Pancreatic cancer has been one of the deadliest of all cancers, with almost uniform lethality despite aggressive treatment. Intriguing antitumor activity is found in a very promising class of natural compounds: cyclic depsipeptides, which have a challenging structure that makes their investigation difficult.
Now, Chinese scientists have established the synthesis of a member compound, which is especially promising in killing pancreatic cancer stem cells. They describe its total synthesis and first test results in the journal Angewandte Chemie; the results point to an unprecedented activity towards one of the deadliest cancers.
‘Even after the emergence of recent new targeted agents and the use of multiple therapeutic combinations, no treatment option is viable in patients with advanced cancer.’
The almost uniform and threatening lethality of pancreatic cancer originates in its stem cells. These pancreatic cancer stem cells (PCSCs) are resistant against even the most aggressive treatments, which makes the search for new and powerful drugs indispensable. A very promising compound class are naturally occurring cyclic depsipeptides, peptide rings that contain one or more ester bonds in addition to peptidic amide bonds.
Cyclic depsipeptides are found in a variety of organisms such as fungi, bacteria, and marine organisms and were shown to exert a diverse spectrum of biological activities including and anticancer performances. But how to do testing without material? The natural products are so rare they cannot be isolated in enough quantity, and their synthesis is hampered by a very complicated chemical structure. Furthermore, it is even not completely clear which parts of the molecule are the actual therapeutically active sites, least their mechanism of action.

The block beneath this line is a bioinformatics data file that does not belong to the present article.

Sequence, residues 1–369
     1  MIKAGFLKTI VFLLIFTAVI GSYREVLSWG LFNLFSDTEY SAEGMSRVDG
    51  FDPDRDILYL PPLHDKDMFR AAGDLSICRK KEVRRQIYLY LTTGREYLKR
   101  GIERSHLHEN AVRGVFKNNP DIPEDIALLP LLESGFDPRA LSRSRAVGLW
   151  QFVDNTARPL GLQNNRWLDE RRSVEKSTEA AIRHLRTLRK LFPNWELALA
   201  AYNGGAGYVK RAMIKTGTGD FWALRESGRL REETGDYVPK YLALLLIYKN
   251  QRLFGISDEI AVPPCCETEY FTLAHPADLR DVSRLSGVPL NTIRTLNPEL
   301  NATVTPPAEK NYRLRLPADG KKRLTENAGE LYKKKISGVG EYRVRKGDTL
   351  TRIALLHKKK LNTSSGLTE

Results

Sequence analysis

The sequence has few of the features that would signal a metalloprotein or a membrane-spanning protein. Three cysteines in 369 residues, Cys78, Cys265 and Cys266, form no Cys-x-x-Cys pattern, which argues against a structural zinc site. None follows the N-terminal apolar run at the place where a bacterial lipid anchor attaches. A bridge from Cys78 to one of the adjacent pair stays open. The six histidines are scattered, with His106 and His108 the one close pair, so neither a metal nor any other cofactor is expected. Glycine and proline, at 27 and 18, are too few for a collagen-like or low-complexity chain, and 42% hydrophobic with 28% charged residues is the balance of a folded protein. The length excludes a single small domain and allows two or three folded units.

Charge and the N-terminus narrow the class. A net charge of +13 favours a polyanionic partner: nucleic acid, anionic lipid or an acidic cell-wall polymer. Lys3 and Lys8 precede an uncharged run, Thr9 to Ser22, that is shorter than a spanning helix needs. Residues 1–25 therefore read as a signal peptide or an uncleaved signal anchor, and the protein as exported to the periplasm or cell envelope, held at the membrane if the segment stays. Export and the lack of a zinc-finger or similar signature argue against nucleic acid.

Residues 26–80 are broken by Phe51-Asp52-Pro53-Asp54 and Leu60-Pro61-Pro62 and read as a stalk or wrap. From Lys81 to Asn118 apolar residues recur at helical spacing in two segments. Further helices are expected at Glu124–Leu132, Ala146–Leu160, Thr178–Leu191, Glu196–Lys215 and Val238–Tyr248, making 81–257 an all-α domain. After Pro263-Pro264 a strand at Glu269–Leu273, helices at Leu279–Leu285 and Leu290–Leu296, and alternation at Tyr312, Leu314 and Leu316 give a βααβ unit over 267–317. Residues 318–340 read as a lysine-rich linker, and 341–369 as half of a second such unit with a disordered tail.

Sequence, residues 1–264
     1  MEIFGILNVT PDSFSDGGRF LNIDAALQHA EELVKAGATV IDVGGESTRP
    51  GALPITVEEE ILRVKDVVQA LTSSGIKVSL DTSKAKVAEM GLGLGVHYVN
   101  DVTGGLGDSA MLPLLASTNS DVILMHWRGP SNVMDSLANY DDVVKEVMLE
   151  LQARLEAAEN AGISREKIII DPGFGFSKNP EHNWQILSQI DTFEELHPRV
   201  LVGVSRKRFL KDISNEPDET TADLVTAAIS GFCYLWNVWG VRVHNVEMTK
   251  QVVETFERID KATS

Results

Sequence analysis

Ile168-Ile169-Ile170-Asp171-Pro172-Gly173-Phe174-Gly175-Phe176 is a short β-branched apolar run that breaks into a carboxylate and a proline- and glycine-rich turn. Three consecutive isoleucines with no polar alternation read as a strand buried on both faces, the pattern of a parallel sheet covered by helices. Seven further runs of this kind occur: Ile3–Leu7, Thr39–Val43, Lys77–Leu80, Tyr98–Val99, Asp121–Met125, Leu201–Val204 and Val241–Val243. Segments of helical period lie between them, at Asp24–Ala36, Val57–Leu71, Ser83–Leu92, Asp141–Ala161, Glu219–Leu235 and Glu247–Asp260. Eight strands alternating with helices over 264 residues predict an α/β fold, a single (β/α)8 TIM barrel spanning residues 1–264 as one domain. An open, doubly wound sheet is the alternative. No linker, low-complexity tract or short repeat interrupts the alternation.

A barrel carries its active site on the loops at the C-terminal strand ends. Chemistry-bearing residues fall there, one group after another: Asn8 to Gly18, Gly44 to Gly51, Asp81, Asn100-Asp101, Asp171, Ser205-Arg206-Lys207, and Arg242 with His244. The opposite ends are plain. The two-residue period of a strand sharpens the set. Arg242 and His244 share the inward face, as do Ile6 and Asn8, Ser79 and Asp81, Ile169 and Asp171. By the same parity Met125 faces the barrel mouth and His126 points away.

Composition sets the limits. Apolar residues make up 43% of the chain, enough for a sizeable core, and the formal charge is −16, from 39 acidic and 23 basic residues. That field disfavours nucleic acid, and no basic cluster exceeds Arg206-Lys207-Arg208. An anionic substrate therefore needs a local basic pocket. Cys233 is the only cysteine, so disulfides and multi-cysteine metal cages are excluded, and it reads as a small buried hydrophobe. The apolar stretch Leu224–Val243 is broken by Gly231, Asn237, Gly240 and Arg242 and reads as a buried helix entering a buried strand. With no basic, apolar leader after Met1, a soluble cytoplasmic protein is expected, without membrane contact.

A team of scientists around Liang Wang and Yue Chen from Tianjin Key Laboratory of Molecular Drug Research at Nankai University, China, has apparently made an end to that. Applying themselves to the task of total synthesis of a depsipeptide with the very technical name BE-43547A(2), which has a structure featuring different kinds of joints of the subparts, three chiral centers, and two double bonds, the scientists finally achieved its synthesis over 15 linear steps. They even produced the relatively large quantity of more than one-third of a gram of pure material--enough to perform first laboratory tests on its anticancer performance in comparison with other drugs and to investigate its structure-activity relationship.
The scientists found that the compound's anticancer activity was far better than that of several established drugs including two components that are already in clinical trial against PCSCs. BE-43547A(2) reduced the percentage of pancreatic cancer stem cells 21-fold relative to the control and abolished the tumor-initiating capability of the cells. "All of the biological assays indicate that BE-43547A(2) can selectively ablate pancreatic cancer stem cells," the scientists reported.
Furthermore, they established which sites in the molecule are the pharmacologically relevant ones since molecules synthesized with slight differences in these sites were not active. These important results directly point to the next task, which is to determine the still unknown mechanism of action. The successful synthesis of BE-43547A(2) may be a decisive step in the ongoing fight against pancreatic cancer.